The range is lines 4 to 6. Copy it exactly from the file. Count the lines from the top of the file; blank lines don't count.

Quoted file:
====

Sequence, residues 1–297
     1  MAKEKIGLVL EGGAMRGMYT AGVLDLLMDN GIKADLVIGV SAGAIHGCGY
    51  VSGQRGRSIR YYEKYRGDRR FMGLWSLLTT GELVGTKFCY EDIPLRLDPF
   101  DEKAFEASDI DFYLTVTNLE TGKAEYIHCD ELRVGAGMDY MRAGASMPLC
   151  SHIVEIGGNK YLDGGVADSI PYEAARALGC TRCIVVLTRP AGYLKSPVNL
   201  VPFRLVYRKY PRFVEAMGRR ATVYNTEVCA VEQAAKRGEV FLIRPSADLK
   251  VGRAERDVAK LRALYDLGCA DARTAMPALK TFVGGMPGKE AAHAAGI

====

   101  DEKAFEASDI DFYLTVTNLE TGKAEYIHCD ELRVGAGMDY MRAGASMPLC
   151  SHIVEIGGNK YLDGGVADSI PYEAARALGC TRCIVVLTRP AGYLKSPVNL
   201  VPFRLVYRKY PRFVEAMGRR ATVYNTEVCA VEQAAKRGEV FLIRPSADLK